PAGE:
Submitted to: Journal of Plant Physiology
Publication Type: Peer Reviewed Journal
Publication Acceptance Date: 5/5/2006
Publication Date: 5/5/2006
Citation: Natarajan, S.S., Xu, C., Bae, H., Bailey, B.A. 2006. Proteomic and genomic characterization of kunitz trypsin inhibitors in wild and cultivated soybean genotypes. Journal of Plant Physiology. 164(6):756-763.
Interpretive Summary: Soybean is a rich and inexpensive source of proteins for humans and animals. But it also contains many compounds which are considered allergenic or anti-nutritional. One such anti-nutritional protein in soybean is the Kunitz trypsin inhibitor (KTI), which inhibits the gastrointestinal enzymes of animals. We investigated the natural variation of KTI in soybean and also looked for variation in the structure of the KTI genes (DNA) in the soybean. We observed that wild soybeans have more KTI proteins than cultivated soybeans. Moreover, our studies revealed differences in DNA patterns for the KTI genes in wild and cultivated soybeans. The results establish the range of KTI concentration that naturally occurs in soybean and can be used by scientists and industry as the basis of comparison to assess KTI in transgenic soybean that may be developed in the future. These data can be used to assure that unwanted levels of KTI are not present in soybean cultivars that are released to the grower.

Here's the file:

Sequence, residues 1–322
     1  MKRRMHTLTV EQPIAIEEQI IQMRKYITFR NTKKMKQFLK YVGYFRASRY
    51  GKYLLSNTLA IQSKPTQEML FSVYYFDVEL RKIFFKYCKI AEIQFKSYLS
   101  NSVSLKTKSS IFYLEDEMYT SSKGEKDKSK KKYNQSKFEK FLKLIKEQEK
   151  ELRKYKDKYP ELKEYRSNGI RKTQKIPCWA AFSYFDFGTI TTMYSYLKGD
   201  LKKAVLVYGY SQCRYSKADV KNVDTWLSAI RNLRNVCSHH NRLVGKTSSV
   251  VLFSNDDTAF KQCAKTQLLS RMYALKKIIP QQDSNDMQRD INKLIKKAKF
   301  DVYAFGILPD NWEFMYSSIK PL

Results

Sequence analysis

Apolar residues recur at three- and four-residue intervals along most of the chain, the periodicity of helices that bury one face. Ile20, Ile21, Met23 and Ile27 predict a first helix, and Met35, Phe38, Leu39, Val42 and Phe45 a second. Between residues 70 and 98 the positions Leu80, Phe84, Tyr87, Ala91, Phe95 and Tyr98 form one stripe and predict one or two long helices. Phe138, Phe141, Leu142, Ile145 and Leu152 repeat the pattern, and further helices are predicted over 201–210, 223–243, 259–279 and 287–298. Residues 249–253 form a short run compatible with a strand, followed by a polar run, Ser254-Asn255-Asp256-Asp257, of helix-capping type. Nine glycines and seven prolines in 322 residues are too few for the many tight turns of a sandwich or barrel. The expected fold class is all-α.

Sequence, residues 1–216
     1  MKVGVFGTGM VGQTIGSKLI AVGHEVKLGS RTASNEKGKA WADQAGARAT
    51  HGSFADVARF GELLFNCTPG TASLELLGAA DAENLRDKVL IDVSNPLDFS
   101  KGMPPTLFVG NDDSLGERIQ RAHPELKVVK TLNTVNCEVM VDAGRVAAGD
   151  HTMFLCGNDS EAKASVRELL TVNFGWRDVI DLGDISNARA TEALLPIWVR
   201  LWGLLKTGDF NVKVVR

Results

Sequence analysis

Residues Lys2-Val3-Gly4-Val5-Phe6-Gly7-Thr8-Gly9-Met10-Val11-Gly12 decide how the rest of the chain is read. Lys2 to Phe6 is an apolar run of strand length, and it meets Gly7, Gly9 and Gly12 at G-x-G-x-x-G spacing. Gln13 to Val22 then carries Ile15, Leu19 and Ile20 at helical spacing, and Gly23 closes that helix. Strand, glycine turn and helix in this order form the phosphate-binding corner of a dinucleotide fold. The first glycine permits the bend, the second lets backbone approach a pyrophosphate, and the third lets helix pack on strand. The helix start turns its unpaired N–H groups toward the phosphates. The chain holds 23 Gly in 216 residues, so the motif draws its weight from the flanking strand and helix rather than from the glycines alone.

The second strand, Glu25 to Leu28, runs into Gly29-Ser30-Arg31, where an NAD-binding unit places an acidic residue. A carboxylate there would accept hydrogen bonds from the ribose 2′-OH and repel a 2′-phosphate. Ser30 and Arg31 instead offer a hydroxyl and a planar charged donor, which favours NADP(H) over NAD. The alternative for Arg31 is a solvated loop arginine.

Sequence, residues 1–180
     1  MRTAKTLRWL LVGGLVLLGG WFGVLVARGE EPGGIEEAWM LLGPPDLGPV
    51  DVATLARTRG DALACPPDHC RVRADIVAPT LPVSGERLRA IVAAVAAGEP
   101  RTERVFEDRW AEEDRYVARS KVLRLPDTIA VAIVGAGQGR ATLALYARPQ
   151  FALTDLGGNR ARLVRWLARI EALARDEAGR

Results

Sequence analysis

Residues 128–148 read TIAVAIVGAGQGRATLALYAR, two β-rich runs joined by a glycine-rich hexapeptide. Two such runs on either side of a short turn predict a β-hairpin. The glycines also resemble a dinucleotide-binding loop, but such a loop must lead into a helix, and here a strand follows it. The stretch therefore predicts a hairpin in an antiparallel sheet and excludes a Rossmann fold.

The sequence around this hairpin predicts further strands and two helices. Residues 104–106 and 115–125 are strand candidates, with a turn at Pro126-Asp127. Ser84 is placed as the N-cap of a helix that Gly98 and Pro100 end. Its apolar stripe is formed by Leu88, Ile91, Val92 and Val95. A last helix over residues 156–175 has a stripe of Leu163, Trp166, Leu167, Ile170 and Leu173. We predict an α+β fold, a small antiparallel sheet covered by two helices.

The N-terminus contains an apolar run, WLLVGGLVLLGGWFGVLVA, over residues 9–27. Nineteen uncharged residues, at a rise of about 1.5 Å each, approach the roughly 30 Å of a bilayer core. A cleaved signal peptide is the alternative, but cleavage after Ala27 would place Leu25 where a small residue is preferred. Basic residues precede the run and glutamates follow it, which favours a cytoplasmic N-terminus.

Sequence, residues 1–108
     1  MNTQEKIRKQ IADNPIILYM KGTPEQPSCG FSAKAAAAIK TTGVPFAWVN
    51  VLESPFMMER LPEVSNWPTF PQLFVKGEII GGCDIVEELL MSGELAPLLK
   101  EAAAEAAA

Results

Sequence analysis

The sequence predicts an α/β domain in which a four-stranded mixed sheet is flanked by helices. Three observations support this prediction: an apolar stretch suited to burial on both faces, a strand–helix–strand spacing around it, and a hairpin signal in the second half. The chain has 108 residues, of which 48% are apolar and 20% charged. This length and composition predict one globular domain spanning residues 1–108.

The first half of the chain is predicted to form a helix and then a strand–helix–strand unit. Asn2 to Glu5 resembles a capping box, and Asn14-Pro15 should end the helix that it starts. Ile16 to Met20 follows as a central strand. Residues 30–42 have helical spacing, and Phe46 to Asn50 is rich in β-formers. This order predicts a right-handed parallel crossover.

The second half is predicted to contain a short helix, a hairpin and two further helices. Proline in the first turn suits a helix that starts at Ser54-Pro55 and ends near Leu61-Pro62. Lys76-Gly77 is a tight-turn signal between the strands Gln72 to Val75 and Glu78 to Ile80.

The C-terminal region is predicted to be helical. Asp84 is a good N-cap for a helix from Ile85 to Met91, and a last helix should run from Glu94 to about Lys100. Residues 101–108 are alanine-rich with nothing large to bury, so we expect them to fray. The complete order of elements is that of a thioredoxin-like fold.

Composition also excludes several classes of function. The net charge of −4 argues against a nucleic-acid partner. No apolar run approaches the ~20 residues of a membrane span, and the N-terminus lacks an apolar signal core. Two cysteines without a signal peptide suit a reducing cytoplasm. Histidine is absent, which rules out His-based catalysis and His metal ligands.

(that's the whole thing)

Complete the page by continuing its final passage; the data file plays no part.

Technical Abstract: In this study, we investigated protein and genetic profiles of Kunitz trypsin inhibitors (KTIs) in seeds of sixteen different soybean genotypes that included four groups consisting of wild soybean (Glycine soja), the cultivated soybean (G. max) ancestors of modern N. American soybean cultivars, modern N. American soybean, and Asian cultivated soybean landraces that were the immediate results of domestication from the wild soybean. Proteins were well separated by two-dimensional polyacrylamide gel electrophoresis (2D-PAGE) and stained protein cut from a 2D-PAGE indicated that KTI exists as multiple isoforms (spots) in soybean. Protein spots of KTI were identified and characterized using matrix-assisted laser desorption/ionization time of flight mass spectrometry (MALDI-TOF-MS). Although overall distribution patterns of the KTI protein spots appeared similar, the number and intensity of the protein spots between wild and cultivated genotypes varied. Three KTI peptides were identified in three of the wild genotypes, PI 393551, PI 407027 and PI 407282 in which KTI3 peptide showed highest intensity. The remaining wild genotype, PI 366120 showed four protein spots. In contrast, the ancestors, modern and Asian landrace genotypes showed only two protein spots corresponding to KTI. Based on DNA blot analysis, there is one copy of the KTI3 gene in all sixteen genotypes. Polymorphism was detected in one of the wild genotypes (PI 366120) both in proteomic and genomic analyses. Our data suggest that the major variation of protein profiles were between wild and cultivated soybean genotypes rather than among genotypes in the same group. Genetic variation of KTI1 and KTI2 and KTI3 related genes were detected within and between groups.